Example 2 Solve out following systems of equations.
3x + y - 2z = 2
x - 2 y + z = 3
2x - y - 3z = 3
Solution
Firstly write down the augmented matrix for this system.
Like with the previous examples we will mark the number(s) which we desire to change in a given step in red. Here the first step is to get a 1 in the upper left hand corner & again, we have several ways to do this. In this we'll notice that if we interchange the first & second row we can obtain a 1 in that spot along with relatively little work.
The next step is to get the two numbers below this 1 to be 0's. Note that this will almost always need the third row operation to do. Also, we can do both in one step as follows.
Next we desire to turn the 7 in a 1. We can do it by dividing the second row by 7.
Hence, we got a fraction showing up here. This will happen on occasion therefore don't get all that excited regarding it. The next step is to vary the 3 below this new 1 into a 0. Note that we aren't going to bother along with the -2 above it quite yet. Sometimes this is just as easy to turn this into a 0 in the similar step. However in this case, it's possibly just as easy to do it later on as we'll see.
Thus, using the third row operation we get,
Next, we have to get the number in the bottom right corner into 1. We can do that along with the second row operation.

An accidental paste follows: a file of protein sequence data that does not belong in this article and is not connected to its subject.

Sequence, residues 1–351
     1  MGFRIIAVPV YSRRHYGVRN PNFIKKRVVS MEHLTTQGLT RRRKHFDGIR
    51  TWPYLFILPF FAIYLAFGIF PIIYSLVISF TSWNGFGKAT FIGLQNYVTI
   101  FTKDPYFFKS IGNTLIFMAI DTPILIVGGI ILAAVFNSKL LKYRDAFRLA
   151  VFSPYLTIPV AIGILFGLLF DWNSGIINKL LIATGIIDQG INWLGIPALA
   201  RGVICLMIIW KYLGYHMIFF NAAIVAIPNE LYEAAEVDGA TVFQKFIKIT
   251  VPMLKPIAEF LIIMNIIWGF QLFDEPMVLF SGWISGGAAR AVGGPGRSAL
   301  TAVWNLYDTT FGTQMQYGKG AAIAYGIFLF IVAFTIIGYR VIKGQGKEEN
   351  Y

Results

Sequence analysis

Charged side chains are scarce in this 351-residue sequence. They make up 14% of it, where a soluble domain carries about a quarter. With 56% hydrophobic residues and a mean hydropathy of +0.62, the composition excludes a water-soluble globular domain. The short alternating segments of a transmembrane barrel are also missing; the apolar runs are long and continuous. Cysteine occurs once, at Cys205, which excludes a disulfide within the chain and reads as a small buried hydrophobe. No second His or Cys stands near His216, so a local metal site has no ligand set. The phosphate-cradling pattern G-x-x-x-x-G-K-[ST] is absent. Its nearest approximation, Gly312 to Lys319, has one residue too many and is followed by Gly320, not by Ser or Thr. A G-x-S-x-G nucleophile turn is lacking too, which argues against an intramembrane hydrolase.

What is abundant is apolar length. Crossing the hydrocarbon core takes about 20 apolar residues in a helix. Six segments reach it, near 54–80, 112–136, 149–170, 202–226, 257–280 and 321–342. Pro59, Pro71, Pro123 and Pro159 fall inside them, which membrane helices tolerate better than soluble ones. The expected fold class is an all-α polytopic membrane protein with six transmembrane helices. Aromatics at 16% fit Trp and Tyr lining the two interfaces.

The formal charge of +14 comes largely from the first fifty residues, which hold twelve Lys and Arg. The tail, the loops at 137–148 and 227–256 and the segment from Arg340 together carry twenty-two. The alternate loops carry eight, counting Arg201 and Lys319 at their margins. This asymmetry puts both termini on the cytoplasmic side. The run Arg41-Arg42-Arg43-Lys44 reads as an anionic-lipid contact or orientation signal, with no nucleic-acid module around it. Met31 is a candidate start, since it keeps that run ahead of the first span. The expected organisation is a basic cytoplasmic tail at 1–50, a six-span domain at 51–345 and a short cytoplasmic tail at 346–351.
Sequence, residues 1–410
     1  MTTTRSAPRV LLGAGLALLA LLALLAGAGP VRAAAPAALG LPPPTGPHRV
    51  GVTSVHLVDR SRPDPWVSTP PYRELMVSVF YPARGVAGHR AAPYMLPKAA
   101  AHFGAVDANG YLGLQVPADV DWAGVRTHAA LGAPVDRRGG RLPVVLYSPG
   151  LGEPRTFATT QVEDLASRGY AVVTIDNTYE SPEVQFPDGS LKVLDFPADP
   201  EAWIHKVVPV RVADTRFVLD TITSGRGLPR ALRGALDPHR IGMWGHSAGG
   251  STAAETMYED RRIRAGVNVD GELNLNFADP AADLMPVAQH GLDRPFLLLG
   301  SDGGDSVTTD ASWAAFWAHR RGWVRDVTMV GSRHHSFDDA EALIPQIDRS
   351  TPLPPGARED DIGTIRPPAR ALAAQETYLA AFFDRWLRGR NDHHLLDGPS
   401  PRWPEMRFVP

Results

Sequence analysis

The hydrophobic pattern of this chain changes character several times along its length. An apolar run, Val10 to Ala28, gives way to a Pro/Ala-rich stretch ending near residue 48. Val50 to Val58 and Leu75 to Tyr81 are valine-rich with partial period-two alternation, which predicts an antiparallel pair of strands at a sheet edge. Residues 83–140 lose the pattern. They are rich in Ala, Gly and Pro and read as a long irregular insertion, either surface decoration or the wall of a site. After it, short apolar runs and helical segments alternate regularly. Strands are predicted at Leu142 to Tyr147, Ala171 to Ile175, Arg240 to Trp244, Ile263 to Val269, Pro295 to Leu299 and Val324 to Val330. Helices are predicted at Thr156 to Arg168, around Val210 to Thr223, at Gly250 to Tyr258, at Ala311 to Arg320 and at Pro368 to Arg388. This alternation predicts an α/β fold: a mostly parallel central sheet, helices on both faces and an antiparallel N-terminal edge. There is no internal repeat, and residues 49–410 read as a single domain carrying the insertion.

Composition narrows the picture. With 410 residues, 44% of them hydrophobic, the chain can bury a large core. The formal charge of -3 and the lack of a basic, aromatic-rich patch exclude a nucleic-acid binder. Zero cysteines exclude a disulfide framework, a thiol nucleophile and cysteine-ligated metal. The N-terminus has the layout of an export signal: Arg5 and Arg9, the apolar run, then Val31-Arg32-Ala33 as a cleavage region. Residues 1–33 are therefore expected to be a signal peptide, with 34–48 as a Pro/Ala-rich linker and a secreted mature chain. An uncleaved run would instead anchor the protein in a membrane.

Now, we required zeroes above this new 1. Hence, by using the third row operation twice as follows will do what we need done.
Notice that in this the final column didn't change in this step. That was just because the final entry in that column was zero. Generally, this won't happen.
Then the last step is to make the -2 above the 1 in the second column into a zero. It can easily be done with the third row operation.
Hence, we have the augmented matrix in the final form and the solution will be,
x = 1, y = -1, z = 0
It can be verified by plugging these into all three equations & making sure that they are all satisfied.
To solve a system of three equations using Gauss-Jordan elimination can be a lot of work, although it is frequently no more work than directly solving and is several cases less work. If we were to do a system of four equations (that we aren't going to do) at that point Gauss-Jordan elimination would be less work in all possibility that if we directly solved.
Also, as we illustrated in the final example worked in this section, there actually is no one set path to take through these problems. Each system is distinct and may need a different path and set of operations to make. Also, the path that one person determines to be the easiest may not by the path that another person determines to be the easiest. However, Regardless of the path the final answer will be the same.